Automating the selection process for a genome assembler

Automating the Selection Process for a Genome Assembler
The process of selecting the right genome assembler for the job is being automated at the DOE JGI, and bioinformaticist Michael Barton welcomes other assembler submissions to the repository. Credit: Michael Barton

A repository of genome assemblers is being developed to automate the process of selecting the best assembler for the task at hand.

There are many different genome assemblers being introduced and touted. On the site (, the test results for various genome assemblers provide reproducible findings that genomics researchers can use to select the appropriate assembler for their needs.

After an organism's genetic code has been sequenced, researchers have to assemble the DNA fragments into a single sequence to be able to parse the information. However, selecting an assembler while considering factors such as the large number of short sequence reads generated, repeated sequences, and lack of a reference genome sequence against which to compare the draft assembly can be challenging.

At the U.S. Department of Energy Joint Genome Institute (DOE JGI), a DOE Office of Science user facility, bioinformatics systems analyst Michael Barton has been developing a repository of genome assemblers called to help the DOE JGI team address these questions for sequencing projects in process. Right now, he said, the process of selecting a genome assembler is manual so an automated pipeline would be very helpful. The repository at is publicly available so that other bioinformaticists can benefit from the findings being generated.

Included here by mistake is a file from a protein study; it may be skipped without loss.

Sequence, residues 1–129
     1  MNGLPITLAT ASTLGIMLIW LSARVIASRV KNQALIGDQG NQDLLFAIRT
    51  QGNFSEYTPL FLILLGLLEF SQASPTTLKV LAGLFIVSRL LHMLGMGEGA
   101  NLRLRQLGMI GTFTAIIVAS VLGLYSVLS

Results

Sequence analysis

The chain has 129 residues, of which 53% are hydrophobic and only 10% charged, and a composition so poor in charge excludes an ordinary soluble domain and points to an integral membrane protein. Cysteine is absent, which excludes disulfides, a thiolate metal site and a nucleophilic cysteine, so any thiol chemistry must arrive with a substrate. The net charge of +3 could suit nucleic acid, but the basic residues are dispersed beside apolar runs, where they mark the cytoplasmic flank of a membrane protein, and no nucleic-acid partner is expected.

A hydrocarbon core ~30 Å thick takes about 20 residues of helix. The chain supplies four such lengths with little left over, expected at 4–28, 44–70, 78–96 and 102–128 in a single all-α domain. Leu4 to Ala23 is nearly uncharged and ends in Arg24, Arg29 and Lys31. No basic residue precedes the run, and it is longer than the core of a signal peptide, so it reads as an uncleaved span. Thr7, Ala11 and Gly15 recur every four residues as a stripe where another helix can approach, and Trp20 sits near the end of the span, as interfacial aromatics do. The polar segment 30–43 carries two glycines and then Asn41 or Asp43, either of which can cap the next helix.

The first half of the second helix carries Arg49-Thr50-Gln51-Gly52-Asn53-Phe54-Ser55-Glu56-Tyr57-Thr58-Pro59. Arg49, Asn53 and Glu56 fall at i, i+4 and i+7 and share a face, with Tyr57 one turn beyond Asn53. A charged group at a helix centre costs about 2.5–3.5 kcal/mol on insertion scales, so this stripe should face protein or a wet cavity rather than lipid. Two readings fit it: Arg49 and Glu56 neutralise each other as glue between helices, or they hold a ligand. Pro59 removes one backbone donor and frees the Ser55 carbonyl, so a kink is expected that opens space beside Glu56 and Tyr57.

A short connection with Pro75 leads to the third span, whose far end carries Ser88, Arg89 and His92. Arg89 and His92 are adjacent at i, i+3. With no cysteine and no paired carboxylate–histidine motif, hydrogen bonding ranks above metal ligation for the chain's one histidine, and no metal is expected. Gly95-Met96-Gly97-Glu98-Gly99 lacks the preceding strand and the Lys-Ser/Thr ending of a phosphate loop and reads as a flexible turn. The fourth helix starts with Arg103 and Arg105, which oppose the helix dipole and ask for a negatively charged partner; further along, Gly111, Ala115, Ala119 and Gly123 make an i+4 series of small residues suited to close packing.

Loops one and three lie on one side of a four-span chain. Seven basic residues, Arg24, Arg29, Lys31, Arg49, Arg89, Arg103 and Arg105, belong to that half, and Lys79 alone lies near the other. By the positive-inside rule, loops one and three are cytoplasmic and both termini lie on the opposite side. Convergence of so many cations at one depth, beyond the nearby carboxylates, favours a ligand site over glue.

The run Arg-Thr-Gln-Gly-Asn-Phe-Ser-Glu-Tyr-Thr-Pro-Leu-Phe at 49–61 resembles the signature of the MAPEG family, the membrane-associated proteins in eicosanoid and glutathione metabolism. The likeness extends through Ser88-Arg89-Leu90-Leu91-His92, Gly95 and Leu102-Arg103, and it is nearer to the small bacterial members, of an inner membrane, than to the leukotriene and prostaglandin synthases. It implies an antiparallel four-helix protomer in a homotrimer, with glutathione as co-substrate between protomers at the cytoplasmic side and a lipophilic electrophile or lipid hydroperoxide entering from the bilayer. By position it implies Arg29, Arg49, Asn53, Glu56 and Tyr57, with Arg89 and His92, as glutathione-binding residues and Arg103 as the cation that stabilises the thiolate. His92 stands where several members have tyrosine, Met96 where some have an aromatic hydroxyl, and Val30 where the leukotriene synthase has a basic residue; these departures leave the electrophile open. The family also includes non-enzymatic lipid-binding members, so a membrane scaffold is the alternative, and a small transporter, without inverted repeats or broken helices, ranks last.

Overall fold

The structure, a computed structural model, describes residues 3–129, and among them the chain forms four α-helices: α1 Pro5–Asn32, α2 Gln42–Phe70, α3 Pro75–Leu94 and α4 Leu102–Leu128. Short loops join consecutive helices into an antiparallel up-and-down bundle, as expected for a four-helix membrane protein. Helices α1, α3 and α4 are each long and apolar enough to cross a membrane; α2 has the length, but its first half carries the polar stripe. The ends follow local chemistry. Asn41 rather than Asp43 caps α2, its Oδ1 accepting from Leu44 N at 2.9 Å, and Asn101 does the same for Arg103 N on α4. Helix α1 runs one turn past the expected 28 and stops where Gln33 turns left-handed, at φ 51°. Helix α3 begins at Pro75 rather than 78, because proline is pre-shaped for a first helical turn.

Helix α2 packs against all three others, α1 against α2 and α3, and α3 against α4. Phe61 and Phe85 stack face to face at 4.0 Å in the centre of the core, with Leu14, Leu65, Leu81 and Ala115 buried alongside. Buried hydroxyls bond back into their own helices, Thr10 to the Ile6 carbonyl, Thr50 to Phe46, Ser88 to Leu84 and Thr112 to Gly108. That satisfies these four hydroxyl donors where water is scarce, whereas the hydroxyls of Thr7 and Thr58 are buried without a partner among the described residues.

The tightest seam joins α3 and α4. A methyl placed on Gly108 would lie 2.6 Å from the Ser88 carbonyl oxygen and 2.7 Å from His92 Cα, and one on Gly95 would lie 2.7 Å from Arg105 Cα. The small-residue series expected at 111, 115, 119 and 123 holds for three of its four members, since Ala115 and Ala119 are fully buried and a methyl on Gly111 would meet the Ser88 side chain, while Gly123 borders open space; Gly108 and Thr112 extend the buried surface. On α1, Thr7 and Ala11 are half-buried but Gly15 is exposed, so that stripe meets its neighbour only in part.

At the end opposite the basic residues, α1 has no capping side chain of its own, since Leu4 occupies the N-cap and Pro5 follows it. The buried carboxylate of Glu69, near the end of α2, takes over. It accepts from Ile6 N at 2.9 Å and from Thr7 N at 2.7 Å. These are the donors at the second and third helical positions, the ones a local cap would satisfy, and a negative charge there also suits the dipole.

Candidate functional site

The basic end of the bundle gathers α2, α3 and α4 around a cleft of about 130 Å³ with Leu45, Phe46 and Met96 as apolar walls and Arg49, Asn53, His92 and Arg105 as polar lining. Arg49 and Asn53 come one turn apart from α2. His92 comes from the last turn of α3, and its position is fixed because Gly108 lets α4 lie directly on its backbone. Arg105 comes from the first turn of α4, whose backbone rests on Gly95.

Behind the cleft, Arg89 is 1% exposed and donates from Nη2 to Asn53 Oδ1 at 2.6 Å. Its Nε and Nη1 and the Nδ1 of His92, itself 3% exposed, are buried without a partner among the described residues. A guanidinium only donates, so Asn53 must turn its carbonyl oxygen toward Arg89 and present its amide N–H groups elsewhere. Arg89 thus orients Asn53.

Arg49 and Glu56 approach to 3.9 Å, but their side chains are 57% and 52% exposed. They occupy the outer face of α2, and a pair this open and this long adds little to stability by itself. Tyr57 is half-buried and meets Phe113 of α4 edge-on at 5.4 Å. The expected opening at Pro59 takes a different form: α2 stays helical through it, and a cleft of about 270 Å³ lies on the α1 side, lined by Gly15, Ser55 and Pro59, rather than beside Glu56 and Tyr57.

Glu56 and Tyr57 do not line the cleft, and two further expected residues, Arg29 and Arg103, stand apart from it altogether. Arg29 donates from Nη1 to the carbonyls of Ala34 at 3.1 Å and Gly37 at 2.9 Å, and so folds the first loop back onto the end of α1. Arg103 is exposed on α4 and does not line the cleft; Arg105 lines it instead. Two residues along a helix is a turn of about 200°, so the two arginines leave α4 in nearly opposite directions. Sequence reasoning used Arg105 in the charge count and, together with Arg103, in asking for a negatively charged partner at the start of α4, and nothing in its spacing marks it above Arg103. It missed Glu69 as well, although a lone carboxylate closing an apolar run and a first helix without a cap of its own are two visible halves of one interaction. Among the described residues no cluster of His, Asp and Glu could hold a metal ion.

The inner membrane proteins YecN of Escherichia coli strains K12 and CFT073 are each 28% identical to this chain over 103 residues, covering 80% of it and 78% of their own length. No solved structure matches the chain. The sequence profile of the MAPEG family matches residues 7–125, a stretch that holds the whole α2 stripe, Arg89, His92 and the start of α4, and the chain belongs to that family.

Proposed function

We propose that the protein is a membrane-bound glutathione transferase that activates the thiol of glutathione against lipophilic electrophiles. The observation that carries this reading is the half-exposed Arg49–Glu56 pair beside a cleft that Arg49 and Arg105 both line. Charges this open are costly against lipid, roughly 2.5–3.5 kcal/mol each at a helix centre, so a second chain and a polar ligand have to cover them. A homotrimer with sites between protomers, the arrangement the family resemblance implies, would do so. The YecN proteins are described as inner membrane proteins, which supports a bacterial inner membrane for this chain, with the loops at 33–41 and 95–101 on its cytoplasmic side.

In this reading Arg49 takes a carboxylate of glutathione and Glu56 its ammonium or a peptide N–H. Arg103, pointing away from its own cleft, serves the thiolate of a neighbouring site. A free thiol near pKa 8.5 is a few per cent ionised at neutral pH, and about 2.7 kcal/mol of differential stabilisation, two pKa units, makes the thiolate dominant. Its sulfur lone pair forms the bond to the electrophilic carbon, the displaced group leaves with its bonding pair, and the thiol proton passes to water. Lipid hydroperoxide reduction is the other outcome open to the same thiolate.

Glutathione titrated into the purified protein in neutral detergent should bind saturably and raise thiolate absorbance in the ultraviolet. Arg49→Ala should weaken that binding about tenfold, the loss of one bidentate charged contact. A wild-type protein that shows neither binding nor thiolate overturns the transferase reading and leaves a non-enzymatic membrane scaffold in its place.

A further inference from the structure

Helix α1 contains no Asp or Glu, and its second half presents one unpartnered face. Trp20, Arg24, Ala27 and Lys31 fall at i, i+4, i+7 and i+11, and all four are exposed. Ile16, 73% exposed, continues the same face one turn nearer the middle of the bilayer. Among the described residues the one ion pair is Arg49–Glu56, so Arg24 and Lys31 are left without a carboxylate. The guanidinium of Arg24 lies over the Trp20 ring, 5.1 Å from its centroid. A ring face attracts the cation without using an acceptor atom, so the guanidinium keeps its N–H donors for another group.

"A lot of assemblers are being produced in the bioinformatics community, and instead of reading subjective papers with assemblers, you can test the assemblers for yourself," Barton said, "with the added benefit of having reproducible research so that anyone can produce the results."

Barton started with genome assemblers that are being used by the DOE JGI, and he tested them against an internal dataset of several microbial genomes. The findings are categorized by benchmarks such as NG50 (a statistic which tracks the average length of a set of DNA sequences) on the website so that bioinformaticists can see how each assembler fared at the criteria of interest to them.

Each of the assemblers on the site is enclosed in virtual boxes called docker containers. The docker containers make it easy to share and use the software. If a bioinformaticist finds a particular assembler useful, they can easily download it from the site. Conversely, if other bioinformaticists want to see another assembler on the site, Barton said, they can send him the docker container for posting.

So far, he said, the genome assemblers on are testing that have come off Illumina sequencers. He plans to add assemblers such as meraculous, an assembler for plant genomes developed at the DOE JGI, and jigsaw and allpaths. Barton said eventually he also hopes to have assemblers for other types of genome projects on nucleotides.

Citation: Automating the selection process for a genome assembler (2014, October 20) retrieved 28 March 2023 from
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